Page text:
Bear, that is a very good idea! I only touched the tip of the surface as far as safety goes! I don't really know where to begin. When lampworking, glass bead makers use Didymium safety glasses, and other glasses specifically designed for lampworkers. These glasses are sodium flare (yellow) filters. They remove the yellow flare seen in the torch flame that happens when the flame hits metals or glass. It allows lampworkers to see their work better. Unfortunately didymium doesn't filter infra red to a great extent. So that means that didymium lenses do not work well for people using kilns and furnaces, they need special safety glasses specifically developed for that type of work. It is important for all glass workers to wear glasses when working with glass. Even when making glass mosaics and stained glass, it is necessary to wear glasses to protect your eyes from any type of glass damage, this includes protection from flying glass shards!
IR damage is cumulative and affects people differently. But long term exposure to IR leads to retinal burns and corneal irritations, and eventually cataracts. Also sun glasses should not be used for any reason, they do not protect they eyes from IR.
Other safety concerns include, fire safety. A fire extinguisher should be kept in the work area and it should be checked and maintained to insure it is in working condition. Plus you should know how to use it before an emergency develops.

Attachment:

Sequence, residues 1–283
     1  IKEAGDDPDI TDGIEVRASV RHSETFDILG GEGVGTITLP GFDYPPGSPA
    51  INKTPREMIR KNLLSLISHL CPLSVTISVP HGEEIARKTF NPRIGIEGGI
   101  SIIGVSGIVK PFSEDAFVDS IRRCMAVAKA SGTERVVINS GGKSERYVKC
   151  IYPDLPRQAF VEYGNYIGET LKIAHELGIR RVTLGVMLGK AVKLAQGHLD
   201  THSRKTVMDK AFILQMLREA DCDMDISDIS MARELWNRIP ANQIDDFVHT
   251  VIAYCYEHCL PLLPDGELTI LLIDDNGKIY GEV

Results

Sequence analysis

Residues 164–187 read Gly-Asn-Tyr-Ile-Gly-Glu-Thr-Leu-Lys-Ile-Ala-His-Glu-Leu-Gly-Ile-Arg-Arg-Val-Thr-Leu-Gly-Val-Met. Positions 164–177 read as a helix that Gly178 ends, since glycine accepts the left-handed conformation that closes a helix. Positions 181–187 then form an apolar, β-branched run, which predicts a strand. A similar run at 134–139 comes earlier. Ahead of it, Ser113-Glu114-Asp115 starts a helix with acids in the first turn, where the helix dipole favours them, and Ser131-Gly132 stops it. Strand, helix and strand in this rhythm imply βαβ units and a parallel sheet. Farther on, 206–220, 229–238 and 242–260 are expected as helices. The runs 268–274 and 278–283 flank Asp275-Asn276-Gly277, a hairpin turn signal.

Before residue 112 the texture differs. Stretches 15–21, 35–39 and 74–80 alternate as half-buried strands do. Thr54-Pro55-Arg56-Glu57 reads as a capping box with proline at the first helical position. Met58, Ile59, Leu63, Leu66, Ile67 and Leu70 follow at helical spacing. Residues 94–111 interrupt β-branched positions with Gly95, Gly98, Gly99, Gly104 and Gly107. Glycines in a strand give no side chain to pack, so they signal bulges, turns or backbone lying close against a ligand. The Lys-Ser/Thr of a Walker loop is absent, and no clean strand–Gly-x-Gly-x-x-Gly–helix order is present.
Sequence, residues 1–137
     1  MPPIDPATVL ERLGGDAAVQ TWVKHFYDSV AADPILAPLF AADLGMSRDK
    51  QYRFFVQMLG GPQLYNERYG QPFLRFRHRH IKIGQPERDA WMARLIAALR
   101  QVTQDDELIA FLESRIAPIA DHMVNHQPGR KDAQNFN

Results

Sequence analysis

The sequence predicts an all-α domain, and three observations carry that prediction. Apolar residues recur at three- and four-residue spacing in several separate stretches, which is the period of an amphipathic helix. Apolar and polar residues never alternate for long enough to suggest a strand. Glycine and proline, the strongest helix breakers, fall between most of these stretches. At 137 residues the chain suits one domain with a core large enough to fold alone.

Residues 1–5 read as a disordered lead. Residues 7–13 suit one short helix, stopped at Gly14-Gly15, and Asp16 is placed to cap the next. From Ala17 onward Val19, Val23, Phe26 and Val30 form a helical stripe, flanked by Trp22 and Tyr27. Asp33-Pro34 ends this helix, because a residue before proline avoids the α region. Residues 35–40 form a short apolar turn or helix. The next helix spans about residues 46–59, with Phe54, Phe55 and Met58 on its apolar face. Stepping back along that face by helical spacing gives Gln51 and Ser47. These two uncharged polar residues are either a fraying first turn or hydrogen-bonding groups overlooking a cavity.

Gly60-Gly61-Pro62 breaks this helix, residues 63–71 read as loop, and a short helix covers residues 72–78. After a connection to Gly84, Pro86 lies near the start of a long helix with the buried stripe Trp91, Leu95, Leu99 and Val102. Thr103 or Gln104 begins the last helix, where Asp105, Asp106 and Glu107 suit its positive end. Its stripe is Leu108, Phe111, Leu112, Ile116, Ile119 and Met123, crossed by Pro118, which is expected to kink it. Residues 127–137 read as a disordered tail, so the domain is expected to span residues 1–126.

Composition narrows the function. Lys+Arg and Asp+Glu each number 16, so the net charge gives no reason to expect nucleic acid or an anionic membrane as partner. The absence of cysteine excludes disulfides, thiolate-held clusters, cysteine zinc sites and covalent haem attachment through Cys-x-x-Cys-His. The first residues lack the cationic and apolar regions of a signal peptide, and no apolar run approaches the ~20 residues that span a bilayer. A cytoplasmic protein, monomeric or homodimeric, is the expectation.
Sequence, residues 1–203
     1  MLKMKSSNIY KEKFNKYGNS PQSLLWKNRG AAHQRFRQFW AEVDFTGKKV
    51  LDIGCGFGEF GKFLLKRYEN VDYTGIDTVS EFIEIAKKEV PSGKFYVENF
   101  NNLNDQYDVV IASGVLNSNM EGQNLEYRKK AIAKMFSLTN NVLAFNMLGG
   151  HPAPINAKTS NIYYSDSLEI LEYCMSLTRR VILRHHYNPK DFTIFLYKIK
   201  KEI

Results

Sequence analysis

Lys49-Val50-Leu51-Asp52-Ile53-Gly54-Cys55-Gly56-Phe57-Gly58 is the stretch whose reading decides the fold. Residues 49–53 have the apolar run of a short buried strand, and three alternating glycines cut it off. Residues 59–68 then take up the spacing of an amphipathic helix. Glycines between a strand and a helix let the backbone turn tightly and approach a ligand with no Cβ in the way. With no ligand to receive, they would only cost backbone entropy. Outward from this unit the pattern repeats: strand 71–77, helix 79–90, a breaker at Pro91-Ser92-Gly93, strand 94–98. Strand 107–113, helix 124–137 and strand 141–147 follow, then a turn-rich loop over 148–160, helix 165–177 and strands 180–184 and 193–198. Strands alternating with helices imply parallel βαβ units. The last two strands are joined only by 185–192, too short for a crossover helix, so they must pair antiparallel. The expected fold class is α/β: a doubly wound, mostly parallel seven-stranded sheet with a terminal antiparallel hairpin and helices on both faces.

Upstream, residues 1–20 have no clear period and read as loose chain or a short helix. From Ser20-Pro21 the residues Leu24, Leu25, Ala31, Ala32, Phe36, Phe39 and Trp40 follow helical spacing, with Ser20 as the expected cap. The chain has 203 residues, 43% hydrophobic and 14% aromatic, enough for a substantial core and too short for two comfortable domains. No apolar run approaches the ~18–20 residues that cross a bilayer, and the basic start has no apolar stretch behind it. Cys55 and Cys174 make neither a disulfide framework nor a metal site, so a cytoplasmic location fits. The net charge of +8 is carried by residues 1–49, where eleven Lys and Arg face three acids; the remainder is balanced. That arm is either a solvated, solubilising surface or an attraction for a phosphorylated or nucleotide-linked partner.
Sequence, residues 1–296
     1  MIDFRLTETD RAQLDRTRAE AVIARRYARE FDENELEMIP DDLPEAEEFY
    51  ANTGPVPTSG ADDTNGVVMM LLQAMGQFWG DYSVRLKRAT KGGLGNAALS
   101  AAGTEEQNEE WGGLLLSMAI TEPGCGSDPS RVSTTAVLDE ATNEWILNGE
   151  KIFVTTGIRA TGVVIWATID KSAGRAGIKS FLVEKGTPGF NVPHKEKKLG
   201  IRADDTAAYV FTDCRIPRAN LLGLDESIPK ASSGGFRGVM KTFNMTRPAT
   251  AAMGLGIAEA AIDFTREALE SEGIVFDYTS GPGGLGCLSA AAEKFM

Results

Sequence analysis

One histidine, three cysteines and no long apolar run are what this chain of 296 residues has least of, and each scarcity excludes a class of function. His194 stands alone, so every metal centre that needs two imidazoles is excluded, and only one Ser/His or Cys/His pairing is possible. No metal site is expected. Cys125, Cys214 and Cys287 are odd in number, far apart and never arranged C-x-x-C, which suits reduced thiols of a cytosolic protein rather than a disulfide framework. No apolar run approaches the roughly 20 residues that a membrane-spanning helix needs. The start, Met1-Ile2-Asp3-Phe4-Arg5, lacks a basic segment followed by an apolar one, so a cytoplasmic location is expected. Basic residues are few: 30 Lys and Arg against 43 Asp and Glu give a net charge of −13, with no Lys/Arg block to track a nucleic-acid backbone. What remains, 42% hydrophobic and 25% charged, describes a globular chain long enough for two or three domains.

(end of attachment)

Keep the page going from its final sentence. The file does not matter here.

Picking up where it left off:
Air safety is also very important. The work area should be well ventilated. I have large overhead doors that I open to vent my work area when I am using my kiln and/or using my torch. There are toxic fumes created when using these tools. Many people install exhaust systems in their work areas which are necessary when working in a small work area. Also when using frit (ground up glass) it is advised to use particle masks to prevent inhalation. These small particles of glass can become air born and inhaled!
When working with glass, don't forget to wear appropriate clothing. Do not wear sandals! Also if working with hot glass glass, wear long pants. If you have long hair, you should keep it under control, somehow. When lampworking wear sleeves that are not "flowing" which could possibly catch on fire!
Most stained glass stores and hot glass stores sell excellent safety supplies. It is good to check online occasionally to see what new inventions are available as far as safety goes! Safety is important and should never be overlooked or cut because of the added expense.